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Biology is the key to inequality

April 12, 2011

One reason mens sports are more viewed on television may very well be due to a man’s strength, appearance, and the hyper that has surrounded men’s sports for decades. Yet, another reason that media portrays this inequality is due to our DNA. For biological reasons, the best women can never run as fast as the best men. In any sport, running, swimming, cycling, women are slower than men, at the olympic level. It does not matter if it is a 30 meter dash or a 10 mile marathon.

Doctors say this is due to the presence of testosterone in men. You can see this “gender gap” close when women professional body builders take steroids that add testosterone to their system.The hormone affects everything in your body: from muscle size and strength, the size of your heart, how able you are to hold oxygen, and how much fat you have on your body. All of these give men the biological advantage over women. To even further this point, a study took place that showed even when men and women gained the same amount of mass by taking steroids, men’s hearts grew larger and stronger, and women’s hearts did not keep up. Stronger hearts allow for more physical activity. Also, unless a woman is taking steroids to change their biological presence, women typically have body fat percentages that are twice as much as a mans. Women have to carry extra weight.

Thus, this inequality that is represented around the world in sports is due to biology. People enjoy watching a sport that is more exciting, and it will always stay this way. Women cannot do anything to change this. That is why mens sports are more profitable than women’s, hence greater viewership.

Here is a link to ESPN’s Top 50 Athletes of All Time. 4 of the 50 are women.

3 Comments
  1. Pierre Gerondeau permalink
    April 12, 2011 3:54 PM

    This was a good post, and it was interesting to see scientific reasoning behind gender inequality in sports. Yet while women might not be as fast or strong as men, just to play devil’s advocate that doesn’t mean that their sports are not exciting. People have been trained to believe that men’s sports are superior to women’s sports, with better athletes who can perform physical feats impossible for the general population. Younger male athletes realize that they can’t do what the top men athletes are doing, but sometimes they think they are better than the top female athletes just because they are women. I think that it will be hard to make women’s sports as popular as men’s sports, because of how much men’s sports are advertised and the athletes are showcased to a variety of markets, but I think with more media coverage and different mindset in judging women’s sports, they can become more popular. Some people might say that this “lessening” of judgment means that women’s sports are inferior to men’s sports, but that is not necessarily the case. We look to top athletes as role models, and while we might not be able to take away the same skills from men’s and women’s sports, we can still learn techniques that make us better amateur athletes.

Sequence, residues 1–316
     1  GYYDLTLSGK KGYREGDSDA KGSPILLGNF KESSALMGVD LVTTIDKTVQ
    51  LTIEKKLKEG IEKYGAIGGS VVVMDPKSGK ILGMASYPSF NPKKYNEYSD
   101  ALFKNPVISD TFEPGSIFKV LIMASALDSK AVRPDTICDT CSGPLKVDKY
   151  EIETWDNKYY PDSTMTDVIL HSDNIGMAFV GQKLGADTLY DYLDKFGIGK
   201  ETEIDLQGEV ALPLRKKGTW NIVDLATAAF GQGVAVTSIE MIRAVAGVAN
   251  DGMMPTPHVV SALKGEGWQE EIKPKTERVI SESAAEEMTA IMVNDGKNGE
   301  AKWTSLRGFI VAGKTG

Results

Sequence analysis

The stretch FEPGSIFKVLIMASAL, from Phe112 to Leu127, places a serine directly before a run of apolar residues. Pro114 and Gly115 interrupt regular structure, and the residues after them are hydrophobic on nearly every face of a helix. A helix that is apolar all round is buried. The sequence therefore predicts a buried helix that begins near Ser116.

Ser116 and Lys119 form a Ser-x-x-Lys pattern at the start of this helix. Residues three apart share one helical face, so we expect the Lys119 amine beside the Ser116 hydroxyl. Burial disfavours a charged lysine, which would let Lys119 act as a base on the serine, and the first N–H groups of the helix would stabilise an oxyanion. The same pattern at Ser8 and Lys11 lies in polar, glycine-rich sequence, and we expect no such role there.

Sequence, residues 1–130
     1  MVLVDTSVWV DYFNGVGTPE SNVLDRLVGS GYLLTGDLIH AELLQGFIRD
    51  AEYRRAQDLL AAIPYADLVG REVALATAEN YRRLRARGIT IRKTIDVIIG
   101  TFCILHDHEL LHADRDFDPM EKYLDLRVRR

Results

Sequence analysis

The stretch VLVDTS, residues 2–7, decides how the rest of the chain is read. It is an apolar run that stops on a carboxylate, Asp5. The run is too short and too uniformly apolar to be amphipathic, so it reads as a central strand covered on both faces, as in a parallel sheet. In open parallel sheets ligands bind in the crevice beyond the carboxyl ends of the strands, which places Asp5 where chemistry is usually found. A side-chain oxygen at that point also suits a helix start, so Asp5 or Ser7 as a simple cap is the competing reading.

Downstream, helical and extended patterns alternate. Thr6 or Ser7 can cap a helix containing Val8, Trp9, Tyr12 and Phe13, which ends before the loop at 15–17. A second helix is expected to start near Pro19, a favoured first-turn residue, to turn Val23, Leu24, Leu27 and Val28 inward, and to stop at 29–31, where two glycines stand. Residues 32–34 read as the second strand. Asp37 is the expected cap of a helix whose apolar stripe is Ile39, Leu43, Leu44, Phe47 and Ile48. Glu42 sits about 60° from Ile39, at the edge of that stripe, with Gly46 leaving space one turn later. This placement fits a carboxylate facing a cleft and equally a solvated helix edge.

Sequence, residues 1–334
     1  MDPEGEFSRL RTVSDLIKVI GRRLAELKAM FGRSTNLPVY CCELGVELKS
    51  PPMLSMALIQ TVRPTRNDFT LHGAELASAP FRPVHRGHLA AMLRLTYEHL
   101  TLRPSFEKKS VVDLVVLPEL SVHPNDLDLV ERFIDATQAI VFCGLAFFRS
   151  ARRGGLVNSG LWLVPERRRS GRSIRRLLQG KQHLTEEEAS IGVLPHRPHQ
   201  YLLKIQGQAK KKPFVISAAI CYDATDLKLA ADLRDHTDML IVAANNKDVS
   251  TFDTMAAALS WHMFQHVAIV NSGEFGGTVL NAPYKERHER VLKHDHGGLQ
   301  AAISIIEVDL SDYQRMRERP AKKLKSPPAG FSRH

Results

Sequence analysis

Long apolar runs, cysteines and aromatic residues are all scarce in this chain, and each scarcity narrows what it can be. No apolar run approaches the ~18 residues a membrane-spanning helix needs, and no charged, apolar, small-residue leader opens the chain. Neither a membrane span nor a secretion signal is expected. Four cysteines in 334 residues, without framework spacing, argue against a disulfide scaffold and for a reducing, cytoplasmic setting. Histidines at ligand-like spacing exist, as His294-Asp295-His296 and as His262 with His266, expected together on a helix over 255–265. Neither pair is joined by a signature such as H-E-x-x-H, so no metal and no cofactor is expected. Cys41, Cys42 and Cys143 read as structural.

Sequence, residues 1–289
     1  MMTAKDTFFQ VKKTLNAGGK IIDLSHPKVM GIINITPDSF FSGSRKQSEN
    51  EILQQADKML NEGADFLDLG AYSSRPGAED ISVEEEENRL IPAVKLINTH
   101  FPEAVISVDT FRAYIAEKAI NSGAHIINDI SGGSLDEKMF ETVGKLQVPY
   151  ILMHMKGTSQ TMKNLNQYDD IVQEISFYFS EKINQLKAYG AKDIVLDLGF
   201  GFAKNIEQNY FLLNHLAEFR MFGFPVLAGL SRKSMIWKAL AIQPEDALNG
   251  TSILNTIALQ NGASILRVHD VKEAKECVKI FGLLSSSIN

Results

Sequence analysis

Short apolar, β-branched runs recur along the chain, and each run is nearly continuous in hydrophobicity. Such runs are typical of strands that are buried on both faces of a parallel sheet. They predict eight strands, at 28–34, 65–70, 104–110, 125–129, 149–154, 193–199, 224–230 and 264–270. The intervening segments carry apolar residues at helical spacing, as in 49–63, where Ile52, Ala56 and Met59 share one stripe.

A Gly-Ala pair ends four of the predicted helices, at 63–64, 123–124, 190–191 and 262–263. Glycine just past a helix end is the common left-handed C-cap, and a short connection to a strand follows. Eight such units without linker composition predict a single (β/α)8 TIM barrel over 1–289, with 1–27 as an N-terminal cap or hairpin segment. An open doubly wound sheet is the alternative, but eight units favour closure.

2. chelseahoedl permalink
    April 12, 2011 5:05 PM

    Another thing to take in to consideration is high school/college sports versus professional sports. It seems that you attribute the popularity of men’s sporting events over women’s to ability level. If this is the case how would one explain the popularity of college sports compared to professional sports? While professional sports may attract more viewers, college sports (especially as far as football and basketball is concerned) attract a large amount as well.
    As far as physical ability and talent are concerned, college athletes are not as toned and skilled as their professional counterparts. Why is it then that they still attract a large amount of viewers?

  3. Anna Gwiazdowski permalink
    April 12, 2011 9:05 PM

    I don’t necessarily agree with your argument that our DNA is the reason men’s sports are watched over women’s, and I also don’t think DNA has anything to do with how exciting a game is. If you can find more support, then maybe I’ll reconsider.

    However, I do agree that DNA reflects the inequalities in men’s and women’s sports. Just as you said, if you look at the highest point of honor in sports, the Olympics, you can see that qualifying times for men are faster than they are for women. The following is an example of Men’s and Women’s qualifying times for the 2012 Olympic Trials in the United States (http://www.usaswimming.org/_Rainbow/Documents/47f659f4-8b91-4375-906e-393321a5d99d/2012%20Olympic%20Trial%20Cuts.pdf). As you can see men’s times are much faster than women’s. Physical build has a great part in this, and thus makes your DNA argument quite valid.

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